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4. Gently peel the stamp away from the collage to reveal the stamped image!

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5. You will notice in the photo above there are extra little bits of wax where it pooled or got squeezed out by the stamp. While the wax is still a bit warm you can simply use your finger to rub or smooth them away. Remember to add any excess wax back into the meltpot to be reused.

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6. If you stamped by an edge you may end up with extra little bits which were squeezed off the side. You'll need to use a sharp tool to carefully scrape the excess away to create nice clean crisp edges.

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Here are a couple finished examples of our stamped beeswax....
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This example was stamped using a Fancy Pants acrylic swirl stamp.

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Tomorrow I'll share a couple ways to enhance these stamped images. I wanted to share how to clean stamps if bits of wax were left in the crevices of your stamps. Of course when I want it to happen I get perfectly clean images. So I'll be sharing how to remove the wax from your stamps and other tools as well.

Stamping ON Beeswax

I love to stamp on beeswax and you can go about it in a few ways. Today I'm going to show you examples of stamping with acrylic paint and Archival Ink. You simply ink up your stamp as you normally would and stamp on the surface. I always save the stamping for one of the last steps because if additional layers of beeswax is added over these images it can distort or destroy these stamped images.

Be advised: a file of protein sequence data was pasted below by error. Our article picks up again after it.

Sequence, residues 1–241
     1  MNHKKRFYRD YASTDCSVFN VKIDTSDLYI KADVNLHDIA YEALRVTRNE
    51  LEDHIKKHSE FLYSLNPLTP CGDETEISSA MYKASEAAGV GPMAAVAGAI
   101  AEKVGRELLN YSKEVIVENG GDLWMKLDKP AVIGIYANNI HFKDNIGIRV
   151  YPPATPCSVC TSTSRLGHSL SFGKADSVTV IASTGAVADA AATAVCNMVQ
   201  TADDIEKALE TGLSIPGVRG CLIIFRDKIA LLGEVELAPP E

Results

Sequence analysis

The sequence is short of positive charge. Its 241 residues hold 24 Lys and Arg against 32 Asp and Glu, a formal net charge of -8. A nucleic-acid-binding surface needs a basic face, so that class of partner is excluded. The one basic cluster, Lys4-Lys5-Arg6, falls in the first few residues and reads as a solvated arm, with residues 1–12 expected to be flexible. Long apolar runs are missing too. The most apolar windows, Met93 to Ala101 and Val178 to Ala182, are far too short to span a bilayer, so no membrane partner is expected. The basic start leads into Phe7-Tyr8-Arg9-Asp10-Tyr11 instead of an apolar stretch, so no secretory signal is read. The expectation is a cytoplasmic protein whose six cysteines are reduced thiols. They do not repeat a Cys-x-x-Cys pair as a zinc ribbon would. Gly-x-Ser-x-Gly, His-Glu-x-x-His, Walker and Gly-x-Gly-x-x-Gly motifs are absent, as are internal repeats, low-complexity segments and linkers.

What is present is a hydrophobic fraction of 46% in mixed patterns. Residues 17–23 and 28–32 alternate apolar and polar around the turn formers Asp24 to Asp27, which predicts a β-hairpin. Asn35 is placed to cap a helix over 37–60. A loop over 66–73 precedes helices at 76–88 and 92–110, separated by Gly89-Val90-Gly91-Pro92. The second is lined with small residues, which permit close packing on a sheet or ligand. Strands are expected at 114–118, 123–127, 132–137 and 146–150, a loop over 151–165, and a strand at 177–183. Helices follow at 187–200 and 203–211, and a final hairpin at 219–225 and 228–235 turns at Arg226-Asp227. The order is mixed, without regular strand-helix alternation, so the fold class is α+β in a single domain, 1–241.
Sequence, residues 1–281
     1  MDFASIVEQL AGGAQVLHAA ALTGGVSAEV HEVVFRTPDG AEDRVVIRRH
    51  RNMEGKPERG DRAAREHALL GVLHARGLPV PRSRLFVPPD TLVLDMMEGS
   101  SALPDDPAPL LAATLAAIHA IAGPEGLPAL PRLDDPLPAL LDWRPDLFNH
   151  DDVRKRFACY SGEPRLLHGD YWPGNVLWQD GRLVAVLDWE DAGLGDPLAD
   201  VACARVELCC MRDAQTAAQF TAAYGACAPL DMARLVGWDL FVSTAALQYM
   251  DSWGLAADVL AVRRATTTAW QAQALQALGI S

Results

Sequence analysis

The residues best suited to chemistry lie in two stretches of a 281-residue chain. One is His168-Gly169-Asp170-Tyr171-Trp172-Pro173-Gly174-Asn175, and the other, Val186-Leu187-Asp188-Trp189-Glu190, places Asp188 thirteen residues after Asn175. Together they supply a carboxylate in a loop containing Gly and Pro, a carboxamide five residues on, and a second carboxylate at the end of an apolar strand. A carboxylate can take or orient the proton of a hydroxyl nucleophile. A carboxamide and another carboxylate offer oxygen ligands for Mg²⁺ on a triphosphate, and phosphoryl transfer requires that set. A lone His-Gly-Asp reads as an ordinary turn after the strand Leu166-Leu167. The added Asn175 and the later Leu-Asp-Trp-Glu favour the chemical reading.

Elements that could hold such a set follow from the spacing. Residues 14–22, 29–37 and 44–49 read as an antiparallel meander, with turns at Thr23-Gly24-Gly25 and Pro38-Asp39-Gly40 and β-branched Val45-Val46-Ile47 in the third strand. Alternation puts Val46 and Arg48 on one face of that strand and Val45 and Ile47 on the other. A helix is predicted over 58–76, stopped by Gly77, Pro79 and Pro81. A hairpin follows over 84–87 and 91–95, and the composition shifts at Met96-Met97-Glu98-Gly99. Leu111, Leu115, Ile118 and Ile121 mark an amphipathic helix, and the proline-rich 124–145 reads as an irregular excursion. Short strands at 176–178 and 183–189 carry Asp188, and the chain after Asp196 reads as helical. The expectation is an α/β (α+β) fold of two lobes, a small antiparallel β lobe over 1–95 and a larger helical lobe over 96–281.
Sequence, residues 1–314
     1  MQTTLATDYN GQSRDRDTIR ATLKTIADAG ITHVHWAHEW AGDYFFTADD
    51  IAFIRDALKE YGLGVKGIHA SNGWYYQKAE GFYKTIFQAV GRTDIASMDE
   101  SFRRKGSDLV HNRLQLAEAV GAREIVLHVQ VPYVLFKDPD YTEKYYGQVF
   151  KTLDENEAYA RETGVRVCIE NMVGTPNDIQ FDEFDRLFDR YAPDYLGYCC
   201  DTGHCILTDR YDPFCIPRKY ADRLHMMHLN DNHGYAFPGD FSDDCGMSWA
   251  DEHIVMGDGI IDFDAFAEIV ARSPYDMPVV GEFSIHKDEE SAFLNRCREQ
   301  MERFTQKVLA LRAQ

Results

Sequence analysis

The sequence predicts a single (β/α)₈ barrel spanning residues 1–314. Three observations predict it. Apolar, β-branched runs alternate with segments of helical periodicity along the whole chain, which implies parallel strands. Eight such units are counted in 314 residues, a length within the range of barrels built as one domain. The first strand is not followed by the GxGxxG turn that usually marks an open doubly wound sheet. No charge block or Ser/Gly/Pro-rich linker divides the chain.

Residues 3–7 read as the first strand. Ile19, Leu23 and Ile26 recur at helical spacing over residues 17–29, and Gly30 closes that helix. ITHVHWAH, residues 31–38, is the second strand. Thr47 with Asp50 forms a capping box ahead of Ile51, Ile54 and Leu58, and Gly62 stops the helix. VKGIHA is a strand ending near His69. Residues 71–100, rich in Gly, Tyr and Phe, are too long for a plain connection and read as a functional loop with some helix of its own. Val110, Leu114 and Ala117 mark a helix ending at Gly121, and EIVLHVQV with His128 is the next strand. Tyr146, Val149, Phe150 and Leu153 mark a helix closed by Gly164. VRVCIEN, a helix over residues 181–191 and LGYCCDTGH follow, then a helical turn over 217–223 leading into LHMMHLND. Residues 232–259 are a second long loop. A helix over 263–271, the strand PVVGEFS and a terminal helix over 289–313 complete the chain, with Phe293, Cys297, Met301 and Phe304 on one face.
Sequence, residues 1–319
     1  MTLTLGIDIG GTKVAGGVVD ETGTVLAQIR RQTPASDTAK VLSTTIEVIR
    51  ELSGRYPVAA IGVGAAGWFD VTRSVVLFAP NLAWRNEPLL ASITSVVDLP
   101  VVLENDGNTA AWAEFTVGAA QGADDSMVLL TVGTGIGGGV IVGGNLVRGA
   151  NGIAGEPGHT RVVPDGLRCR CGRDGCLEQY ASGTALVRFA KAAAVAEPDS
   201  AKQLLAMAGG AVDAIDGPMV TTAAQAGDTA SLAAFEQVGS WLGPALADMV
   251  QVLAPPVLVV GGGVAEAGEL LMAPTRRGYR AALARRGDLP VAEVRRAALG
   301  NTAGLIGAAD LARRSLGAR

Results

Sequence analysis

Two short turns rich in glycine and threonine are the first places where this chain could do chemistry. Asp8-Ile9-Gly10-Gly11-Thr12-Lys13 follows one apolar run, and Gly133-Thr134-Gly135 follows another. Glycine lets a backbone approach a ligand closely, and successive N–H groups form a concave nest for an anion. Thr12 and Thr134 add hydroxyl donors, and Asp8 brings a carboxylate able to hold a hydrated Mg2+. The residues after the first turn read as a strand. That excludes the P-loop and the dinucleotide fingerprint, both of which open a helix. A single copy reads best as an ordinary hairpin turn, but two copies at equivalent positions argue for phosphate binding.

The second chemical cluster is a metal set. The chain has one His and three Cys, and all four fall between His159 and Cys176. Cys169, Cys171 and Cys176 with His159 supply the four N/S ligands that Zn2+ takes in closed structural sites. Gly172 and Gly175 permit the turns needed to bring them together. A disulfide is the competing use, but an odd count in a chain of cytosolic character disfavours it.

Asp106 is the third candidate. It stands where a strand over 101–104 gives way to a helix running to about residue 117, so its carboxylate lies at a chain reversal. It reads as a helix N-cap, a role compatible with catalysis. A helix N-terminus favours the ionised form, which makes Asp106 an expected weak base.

Adirondack Acrylic Dabber - If you don't have a dabber you can use regular acrylic paint ~ simply apply it to the stamp using your fingertip.

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You can also stamp using Archival Ink or Staz-On inks ~ it will produce a lighter almost ghostly image. I've never used dye inks but I'm sure it would work...your image may be faint but still add an interesting effect.

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So there you go!

Tomorrow as I mentioned I want to share a couple ways to enhance your stamped images, how to clean your stamps after they have been used in beeswax.

Hope you stop back in and check it out!


  1. loving this tech and tut Roni...I did use wax last nite on my tin isnt even sticky! used the Ranger one you showed...cant wait to do a larger project..this tin is too tiny for all that is in my head! ty so much, cher

  2. FAB tutorial, really looking forward to having a go at these techniques
    Claire xx

  3. I am so doing this. Right now I have to finish an album for my mom's 80th birthday party Sunday. I must say I wish I had given myself more than a week to get it

  4. Let me start by saying...lovin' the tutorials!!!

    Also love the idea of using the stamps in the wax & with the ink...gotta try this!


Thanks for your thoughts and comments!